The global trauma we’ve all lived through is “going to take years to process”, said Emma Dibdin in The New York Times. And as things slowly return to normal, many of us are anxious to pick up “where we left off”. Of the hundreds of meditation and mindfulness apps offering “peace in the palm of your hand”, Radio Headspace is arguably the best. The soothing voice of Andy Puddicombe, the former monk who started Headspace, will be “familiar to millions as the app’s default deliverer of Zen”; it contains many episodes specifically geared to navigating post-pandemic life.
Then there’s Terrible, Thanks for Asking, a “compassionate, darkly hilarious” podcast from author (and self-described “notable widow”) Nora McInerny, in which people “share the unvarnished truth about their darkest moments”. Tempered by an undercurrent of hope, it’s an “ideal companion as we all try to move on from the manifold losses of the past year”.
But for those of you who roll your eyes at the very idea of “life coaching”, said Dibdin, let me recommend Kara Loewentheil. A Harvard-educated ex-lawyer, she steers clear of “self-empowerment clichés or woo-woo truisms”. Instead, her Unf*ck Your Brain podcast offers “no-nonsense insights” about how your anxious brain “might be sabotaging you” and what to do about it.
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No-nonsense clarity is also the hallmark of the terrific Radio 4 podcast Just One Thing, said James Marriott in The Times. In it, doctor and broadcaster Michael Mosley presents simple techniques for improving wellbeing. None of his suggestions are “especially recherché” – do sit-ups, take a cold shower, go for an early morning walk, take a warm bath before bed: it’s the science behind them, “surprising and engagingly explained”, that makes them shine. His No. 1 tip: deep breathing exercises that can boost concentration, improve sleep, cut stress and even help with chronic pain.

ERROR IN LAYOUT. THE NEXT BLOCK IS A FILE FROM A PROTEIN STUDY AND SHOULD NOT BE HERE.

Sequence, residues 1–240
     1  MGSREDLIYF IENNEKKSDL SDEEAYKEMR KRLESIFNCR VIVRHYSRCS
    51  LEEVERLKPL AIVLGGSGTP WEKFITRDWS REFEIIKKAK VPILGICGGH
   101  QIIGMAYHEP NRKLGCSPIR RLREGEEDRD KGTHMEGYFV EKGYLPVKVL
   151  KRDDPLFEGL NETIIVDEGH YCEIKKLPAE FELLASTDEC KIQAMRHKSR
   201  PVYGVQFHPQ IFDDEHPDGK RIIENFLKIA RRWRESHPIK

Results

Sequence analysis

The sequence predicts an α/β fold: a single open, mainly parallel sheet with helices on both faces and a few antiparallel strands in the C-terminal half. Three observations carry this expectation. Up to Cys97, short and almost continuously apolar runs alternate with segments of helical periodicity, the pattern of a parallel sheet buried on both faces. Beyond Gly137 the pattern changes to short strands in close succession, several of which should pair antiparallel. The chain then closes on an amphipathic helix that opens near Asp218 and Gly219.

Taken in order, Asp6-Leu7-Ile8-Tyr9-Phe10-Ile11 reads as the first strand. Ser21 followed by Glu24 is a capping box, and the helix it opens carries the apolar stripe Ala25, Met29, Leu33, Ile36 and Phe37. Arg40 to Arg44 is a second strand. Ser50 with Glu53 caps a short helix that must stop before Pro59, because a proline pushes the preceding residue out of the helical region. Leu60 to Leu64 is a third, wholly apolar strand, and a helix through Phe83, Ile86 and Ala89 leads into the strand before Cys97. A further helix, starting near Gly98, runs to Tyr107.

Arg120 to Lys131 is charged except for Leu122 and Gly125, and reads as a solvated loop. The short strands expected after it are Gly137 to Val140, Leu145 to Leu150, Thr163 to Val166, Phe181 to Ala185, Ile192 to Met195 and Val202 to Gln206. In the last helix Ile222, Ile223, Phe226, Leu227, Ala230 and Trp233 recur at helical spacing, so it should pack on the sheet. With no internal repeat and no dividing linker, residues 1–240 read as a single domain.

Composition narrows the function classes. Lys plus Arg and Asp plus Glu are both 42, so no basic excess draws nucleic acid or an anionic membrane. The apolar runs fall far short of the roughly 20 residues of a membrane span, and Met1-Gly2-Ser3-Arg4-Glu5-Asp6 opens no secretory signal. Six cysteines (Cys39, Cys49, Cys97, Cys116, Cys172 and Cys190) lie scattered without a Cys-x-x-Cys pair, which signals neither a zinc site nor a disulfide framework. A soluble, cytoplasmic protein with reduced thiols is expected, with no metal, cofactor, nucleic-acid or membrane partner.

The Blindboy Podcast “has long been the choice of the clever and anxious listener”, said Miranda Sawyer in The Observer. Blindboy is an Irish artist, musician and comedian who frequently discusses depression, agoraphobia and his successful experience of cognitive behavioural therapy. A recent episode featuring a discussion of the human brain with neuroscientist Dr Sabina Brennan is a “lovely, encouraging listen”.
Finally, there’s How Do You Cope? ...with Elis and John, a brilliant, award-winning interview show that covers all manner of mental health difficulties, and is “ideal for all ages”. My main audio recommendation, though, for anyone suffering mentally, is to pick whatever you like listening to – be it “music, documentaries, funny shows, BUT NOT NEWS”–and go for a walk in the park with your earphones in. “Honestly, that will always help.”
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